1. Thanks for the kind words. I noticed that you read my post about my three uncles in World War II. Uncle Earl, the U.S. Marine, was based in New Zealand during the war. The Marines loved the people of New Zealand. He even returned there in the 1970s to tour the country. I might just have to write about NZ and the U.S. military.

      Liked by 1 person

      1. I’d like to read that. My family came here from the UK in the 1960s, so I have no sense of New Zealand’s war, although I believe there was a documentary made recently about US soldiers stationed here. Cheers, Su.
        PS: Thanks for following ZimmerBitch too 🙂

        Liked by 1 person

      2. Hi Joe. Just popped over to say thanks for following ZimmerBitch and noticed this exchange. The Auckland Museum has digitized a whole bunch of photos of US servicemen that were taken by a Kiwi photographer while the guys were stationed near Auckland before being shipped out to the Pacific theatre in WWII. None of the photos has been captioned, and the museum is putting out the word, trying to find people whose loved ones were stationed here, to see if anyone recognises any of the men. This probably sounds a bit convoluted — I shouldn’t blog before my morning coffee. Anyway, I wondered if you had networks that you could alert to the photos. They are all on the Auckland Museum website http://www.aucklandmuseum.com/collections-research/collections/explore-highlights/american-soldiers-in-new-zealand-during-wwii. Many thanks. Su

        Liked by 1 person

  2. The Kiwis took the Marines into their homes and basically adopted the Corps during their time in New Zealand. I have a letter somewhere in my archive from a lady who wrote home to my grandmother in Wisconsin to fill her in on how my uncle was doing. I’ve added it to my list of future posts.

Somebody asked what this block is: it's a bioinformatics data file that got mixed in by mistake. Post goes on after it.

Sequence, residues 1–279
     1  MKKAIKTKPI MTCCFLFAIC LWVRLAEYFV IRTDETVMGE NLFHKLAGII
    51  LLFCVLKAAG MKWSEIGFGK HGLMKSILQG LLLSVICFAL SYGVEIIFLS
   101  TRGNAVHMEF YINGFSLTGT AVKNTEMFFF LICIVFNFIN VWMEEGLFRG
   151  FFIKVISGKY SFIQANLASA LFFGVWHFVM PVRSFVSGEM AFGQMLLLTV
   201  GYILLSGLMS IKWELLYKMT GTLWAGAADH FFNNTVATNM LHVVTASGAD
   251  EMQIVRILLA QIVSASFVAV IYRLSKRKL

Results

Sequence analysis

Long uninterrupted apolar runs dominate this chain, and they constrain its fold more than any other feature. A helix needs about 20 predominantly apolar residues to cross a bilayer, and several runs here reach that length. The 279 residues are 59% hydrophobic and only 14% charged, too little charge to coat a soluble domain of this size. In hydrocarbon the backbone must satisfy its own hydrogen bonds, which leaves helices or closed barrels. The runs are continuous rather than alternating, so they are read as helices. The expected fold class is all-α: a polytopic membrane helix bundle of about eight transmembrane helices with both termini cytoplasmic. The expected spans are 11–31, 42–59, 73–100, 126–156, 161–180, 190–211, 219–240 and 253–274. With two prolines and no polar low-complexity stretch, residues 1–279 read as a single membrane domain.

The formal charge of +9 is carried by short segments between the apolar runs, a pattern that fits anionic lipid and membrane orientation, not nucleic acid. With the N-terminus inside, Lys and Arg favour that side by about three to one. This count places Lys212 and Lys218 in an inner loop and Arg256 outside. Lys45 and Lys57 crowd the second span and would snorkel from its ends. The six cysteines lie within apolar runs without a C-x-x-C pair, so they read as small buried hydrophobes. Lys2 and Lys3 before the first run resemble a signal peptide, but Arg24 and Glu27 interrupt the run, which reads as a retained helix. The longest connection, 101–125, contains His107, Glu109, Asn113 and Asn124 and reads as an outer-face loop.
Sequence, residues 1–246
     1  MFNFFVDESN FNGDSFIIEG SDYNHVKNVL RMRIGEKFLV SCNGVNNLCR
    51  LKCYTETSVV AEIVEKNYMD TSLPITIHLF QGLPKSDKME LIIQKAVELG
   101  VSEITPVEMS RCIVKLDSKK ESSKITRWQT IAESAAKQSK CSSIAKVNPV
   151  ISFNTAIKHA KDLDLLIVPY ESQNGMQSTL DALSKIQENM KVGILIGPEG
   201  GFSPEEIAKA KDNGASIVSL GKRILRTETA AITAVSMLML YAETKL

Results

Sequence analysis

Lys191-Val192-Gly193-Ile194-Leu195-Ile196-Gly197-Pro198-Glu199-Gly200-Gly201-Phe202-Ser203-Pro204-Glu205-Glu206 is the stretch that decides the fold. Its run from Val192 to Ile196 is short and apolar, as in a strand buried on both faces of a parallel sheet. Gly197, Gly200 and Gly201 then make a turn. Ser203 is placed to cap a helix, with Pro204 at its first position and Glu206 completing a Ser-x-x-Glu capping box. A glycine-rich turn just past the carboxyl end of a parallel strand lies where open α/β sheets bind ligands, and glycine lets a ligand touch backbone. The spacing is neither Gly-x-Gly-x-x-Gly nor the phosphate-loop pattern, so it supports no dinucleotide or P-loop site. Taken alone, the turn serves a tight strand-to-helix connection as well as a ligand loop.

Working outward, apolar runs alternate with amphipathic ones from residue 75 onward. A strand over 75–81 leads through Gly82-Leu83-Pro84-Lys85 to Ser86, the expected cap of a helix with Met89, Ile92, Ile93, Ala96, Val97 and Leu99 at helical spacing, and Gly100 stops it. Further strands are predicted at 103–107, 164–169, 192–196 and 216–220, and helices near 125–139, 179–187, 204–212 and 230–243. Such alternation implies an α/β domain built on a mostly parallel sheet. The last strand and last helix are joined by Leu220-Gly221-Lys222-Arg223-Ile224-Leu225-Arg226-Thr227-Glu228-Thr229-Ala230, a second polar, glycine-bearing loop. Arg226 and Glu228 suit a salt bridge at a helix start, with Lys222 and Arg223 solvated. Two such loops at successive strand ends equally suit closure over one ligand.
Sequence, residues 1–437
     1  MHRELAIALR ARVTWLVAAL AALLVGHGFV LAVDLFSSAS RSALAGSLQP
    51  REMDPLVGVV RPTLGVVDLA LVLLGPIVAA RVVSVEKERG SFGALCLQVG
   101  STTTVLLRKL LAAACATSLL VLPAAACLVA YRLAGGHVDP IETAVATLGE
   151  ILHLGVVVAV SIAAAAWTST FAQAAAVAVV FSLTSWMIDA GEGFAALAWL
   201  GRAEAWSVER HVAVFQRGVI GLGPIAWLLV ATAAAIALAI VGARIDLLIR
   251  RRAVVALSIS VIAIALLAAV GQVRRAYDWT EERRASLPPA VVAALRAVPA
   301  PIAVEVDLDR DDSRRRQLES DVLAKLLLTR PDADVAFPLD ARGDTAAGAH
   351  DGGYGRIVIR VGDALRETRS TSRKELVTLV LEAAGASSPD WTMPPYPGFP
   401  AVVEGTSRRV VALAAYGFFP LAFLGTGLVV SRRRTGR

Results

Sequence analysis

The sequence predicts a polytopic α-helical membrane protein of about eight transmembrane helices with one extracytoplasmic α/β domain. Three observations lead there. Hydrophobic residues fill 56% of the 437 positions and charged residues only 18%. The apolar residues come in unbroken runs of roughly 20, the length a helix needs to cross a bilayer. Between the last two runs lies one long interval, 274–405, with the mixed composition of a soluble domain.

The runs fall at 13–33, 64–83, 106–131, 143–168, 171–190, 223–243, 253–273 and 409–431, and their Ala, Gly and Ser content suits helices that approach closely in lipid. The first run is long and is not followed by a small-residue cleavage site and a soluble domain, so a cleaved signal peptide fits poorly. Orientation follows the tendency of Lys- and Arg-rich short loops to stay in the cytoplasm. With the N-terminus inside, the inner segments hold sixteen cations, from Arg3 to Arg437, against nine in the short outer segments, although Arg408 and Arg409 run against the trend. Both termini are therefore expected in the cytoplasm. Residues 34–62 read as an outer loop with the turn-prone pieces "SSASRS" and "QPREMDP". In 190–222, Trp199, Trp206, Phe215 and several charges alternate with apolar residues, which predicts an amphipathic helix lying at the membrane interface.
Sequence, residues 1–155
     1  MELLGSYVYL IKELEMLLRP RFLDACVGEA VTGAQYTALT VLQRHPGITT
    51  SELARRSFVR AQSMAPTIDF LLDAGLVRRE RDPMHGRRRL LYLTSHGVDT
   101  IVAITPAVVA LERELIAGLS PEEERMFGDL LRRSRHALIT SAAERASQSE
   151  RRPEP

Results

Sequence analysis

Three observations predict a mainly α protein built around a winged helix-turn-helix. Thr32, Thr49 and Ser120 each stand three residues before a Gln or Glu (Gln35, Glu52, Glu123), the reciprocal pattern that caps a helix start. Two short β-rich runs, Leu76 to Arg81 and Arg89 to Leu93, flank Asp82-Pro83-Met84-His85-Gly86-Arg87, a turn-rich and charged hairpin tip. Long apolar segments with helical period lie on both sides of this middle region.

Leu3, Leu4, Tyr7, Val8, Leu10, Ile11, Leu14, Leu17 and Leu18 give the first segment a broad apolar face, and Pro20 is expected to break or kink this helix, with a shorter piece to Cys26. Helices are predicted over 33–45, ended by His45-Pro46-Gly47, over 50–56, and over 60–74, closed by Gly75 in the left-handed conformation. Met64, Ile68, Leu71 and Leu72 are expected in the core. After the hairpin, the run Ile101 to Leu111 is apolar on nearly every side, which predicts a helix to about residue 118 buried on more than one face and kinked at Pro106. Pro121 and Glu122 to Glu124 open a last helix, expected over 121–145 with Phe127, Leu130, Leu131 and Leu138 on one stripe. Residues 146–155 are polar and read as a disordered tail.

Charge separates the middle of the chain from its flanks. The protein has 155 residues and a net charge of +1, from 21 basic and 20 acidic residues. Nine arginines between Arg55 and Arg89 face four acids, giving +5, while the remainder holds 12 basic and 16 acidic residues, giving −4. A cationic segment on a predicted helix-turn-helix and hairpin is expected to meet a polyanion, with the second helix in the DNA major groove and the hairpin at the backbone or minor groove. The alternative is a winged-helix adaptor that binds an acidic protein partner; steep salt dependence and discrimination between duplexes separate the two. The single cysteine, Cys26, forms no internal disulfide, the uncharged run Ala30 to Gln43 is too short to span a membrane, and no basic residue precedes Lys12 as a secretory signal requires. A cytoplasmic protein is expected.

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    1. I will check out the photo collection. My uncle was with the 2nd U.S. Marine Division. I’ll work up a blog post on this photo collection. Thanks for the tip! By the way, that photo you posted of chickpea fritters made me hungry!

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  3. Are you by any chance related to Warren Joseph Hanneman ? They lived in South Dakota -Iowa -Wisconsin 1890 -1940’s?

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    1. I have some information in my files related to this Hanneman family line. I believe they are from the same Hanneman tree that emigrated from Pomerania to Wisconsin starting in the 1860s, but as of yet I don’t have proof. The Hanneman family that originally settled in rural Marathon County moved to Lake County, South Dakota and other nearby areas. There were also Hanneman enclaves in Nebraska and Iowa. My father’s line emigrated to Portage and Wood counties (Wisconsin) between 1861 and 1882.

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History Preserved. Lives Treasured.